Health Promotion Journal of Australia Health Promotion Journal of Australia Society
Journal of the Australian Health Promotion Association
RESEARCH ARTICLE

Does a corporate worksite physical activity program reach those who are inactive? Findings from an evaluation of the Global Corporate Challenge

Rona Macniven A B , Lina Engelen A , Mia J. Kacen A and Adrian Bauman A
+ Author Affiliations
- Author Affiliations

A Prevention Research Collaboration, Sydney School of Public Health, Sydney Medical School, Level 6 The Hub, Charles Perkins Centre (D17), University of Sydney, NSW 2006, Australia.

B Corresponding author. Email: rona.macniven@sydney.edu.au

Health Promotion Journal of Australia 26(2) 142-145 https://doi.org/10.1071/HE14033
Submitted: 15 May 2014  Accepted: 18 January 2015   Published: 28 April 2015

Abstract

Issue addressed: Workplace physical activity programs can motivate inactive target groups to increase daily activity levels, but it is important to determine their reach and impact.

Methods: The Global Corporate Challenge (GCC) is a team-based program promoting pedometer-based self-monitoring to reach 10 000 steps per day. Participants (n = 587) from an Australian university were recruited and recorded their daily step counts. Demographic, anthropometric, behavioural, self-reported physical activity and sitting time data were collected at baseline and following the 16-week program.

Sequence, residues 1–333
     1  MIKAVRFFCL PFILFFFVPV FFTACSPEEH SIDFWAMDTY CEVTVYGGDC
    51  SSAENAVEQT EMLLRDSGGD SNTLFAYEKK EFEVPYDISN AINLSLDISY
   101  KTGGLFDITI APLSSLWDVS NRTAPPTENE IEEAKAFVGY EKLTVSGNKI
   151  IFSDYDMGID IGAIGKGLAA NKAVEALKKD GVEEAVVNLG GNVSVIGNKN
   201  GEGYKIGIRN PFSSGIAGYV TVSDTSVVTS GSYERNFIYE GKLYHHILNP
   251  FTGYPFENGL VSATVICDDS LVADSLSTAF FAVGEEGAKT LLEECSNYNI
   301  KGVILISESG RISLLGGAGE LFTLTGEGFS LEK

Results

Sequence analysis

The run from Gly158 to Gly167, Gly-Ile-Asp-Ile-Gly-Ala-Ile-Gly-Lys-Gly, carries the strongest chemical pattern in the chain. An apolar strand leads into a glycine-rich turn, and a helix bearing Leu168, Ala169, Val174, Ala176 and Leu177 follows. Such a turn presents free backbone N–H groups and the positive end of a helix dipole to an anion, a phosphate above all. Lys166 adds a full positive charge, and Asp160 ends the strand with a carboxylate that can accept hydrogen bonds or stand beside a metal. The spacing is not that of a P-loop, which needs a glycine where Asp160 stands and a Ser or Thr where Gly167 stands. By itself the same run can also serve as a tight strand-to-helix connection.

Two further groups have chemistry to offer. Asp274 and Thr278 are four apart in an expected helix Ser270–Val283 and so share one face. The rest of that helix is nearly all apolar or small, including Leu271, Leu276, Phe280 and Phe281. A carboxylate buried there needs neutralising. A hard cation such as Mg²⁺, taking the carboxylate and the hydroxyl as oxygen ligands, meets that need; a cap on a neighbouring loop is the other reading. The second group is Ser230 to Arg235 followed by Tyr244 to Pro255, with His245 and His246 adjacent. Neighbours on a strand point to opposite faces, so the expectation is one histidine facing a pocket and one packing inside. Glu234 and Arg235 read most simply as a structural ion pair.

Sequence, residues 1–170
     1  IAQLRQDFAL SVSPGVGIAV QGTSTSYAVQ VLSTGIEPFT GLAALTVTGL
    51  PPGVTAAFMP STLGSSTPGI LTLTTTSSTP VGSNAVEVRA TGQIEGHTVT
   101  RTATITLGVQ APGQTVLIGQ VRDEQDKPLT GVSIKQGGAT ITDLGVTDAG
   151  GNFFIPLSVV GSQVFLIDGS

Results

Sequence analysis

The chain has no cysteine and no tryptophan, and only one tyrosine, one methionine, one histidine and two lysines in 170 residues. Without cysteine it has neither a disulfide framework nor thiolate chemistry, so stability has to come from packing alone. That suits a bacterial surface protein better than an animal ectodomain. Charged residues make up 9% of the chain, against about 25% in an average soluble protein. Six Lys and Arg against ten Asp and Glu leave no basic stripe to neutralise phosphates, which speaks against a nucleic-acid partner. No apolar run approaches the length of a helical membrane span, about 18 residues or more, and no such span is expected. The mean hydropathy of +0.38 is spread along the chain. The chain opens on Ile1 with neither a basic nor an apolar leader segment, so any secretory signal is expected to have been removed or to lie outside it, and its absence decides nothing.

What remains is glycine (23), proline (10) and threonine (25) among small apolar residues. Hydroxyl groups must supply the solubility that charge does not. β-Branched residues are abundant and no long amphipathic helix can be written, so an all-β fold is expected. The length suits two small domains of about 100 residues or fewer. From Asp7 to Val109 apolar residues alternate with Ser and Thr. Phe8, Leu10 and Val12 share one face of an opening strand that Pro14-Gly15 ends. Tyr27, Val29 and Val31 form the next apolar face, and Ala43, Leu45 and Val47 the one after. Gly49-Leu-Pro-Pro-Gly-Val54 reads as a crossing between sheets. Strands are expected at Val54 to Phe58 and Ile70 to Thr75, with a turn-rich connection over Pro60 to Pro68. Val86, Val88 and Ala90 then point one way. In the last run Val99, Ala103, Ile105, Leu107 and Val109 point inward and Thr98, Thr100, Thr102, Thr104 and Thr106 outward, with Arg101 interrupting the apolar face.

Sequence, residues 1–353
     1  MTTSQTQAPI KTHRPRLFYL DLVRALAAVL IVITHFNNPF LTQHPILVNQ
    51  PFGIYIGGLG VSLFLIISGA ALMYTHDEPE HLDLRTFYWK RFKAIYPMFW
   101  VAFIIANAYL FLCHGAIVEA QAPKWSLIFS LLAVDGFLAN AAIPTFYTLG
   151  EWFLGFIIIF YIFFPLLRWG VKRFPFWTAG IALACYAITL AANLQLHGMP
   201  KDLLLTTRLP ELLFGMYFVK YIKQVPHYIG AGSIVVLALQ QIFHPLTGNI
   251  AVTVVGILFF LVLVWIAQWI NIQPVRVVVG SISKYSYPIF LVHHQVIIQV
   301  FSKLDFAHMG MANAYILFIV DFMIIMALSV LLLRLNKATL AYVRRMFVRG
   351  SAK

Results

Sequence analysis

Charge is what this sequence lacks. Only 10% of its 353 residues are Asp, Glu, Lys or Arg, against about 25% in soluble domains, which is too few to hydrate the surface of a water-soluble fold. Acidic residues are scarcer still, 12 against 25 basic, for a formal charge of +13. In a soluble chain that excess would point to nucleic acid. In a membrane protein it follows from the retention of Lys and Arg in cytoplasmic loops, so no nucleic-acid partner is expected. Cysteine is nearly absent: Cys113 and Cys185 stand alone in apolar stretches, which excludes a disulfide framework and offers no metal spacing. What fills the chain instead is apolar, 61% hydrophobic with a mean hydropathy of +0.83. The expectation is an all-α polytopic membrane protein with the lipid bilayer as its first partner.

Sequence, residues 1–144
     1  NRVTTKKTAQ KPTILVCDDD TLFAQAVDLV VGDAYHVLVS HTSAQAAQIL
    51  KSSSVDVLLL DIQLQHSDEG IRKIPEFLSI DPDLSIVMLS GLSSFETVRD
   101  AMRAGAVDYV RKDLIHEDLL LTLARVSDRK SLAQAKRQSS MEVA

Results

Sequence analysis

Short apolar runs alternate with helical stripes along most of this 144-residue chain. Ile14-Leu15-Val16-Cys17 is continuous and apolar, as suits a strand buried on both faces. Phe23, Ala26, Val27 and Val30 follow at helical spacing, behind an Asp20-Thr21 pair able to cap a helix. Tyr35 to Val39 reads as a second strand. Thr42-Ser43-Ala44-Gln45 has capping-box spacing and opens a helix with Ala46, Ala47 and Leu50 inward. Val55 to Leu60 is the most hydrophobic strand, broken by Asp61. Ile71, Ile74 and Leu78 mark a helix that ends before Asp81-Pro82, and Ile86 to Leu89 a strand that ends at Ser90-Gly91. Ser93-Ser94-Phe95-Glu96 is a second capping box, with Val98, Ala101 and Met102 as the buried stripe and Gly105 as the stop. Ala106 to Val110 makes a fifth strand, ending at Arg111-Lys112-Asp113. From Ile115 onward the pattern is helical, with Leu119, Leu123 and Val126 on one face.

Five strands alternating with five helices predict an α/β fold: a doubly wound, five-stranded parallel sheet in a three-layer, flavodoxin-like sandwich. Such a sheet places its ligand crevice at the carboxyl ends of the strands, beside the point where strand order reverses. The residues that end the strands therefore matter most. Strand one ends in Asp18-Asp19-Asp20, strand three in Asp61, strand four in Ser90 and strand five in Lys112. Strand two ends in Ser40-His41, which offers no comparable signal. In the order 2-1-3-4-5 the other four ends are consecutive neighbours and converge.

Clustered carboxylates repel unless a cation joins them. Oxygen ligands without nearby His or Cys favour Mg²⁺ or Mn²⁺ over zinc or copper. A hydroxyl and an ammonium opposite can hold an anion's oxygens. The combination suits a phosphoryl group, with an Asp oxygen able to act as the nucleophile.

Results: On average, participants self-estimated 11 638 daily steps in Week 1, increasing to measured estimates of 13 787 daily steps in Week 16 (P < 0.001). At baseline, 92% of survey completers were already meeting the physical activity recommendations, increasing to 98% (P = 0.059) at follow-up. Four month improvements in objectively assessed anthropometric measures showed small, non-significant reductions in weight (–0.12 kg; P = 0.416), body mass index (–0.06 kg/m2; P = 0.314) and waist circumference (–0.43 cm; P = 0.082). Sitting time during work decreased significantly by 21 min per day (P < 0.001) and participants with initially low levels of sitting time at work were more likely to increase their step counts during the GCC (adjusted odds ratio 1.90, 95% confidence interval 1.03–3.50).

Conclusions: Although this pedometer-based program resulted in increases in physical activity and reductions in occupational sedentary behaviour, most participants were already meeting physical activity recommendations at baseline.

So what?: Workplace interventions need to be better targeted to reach inactive employees to have population-level impacts on chronic disease risk factors.


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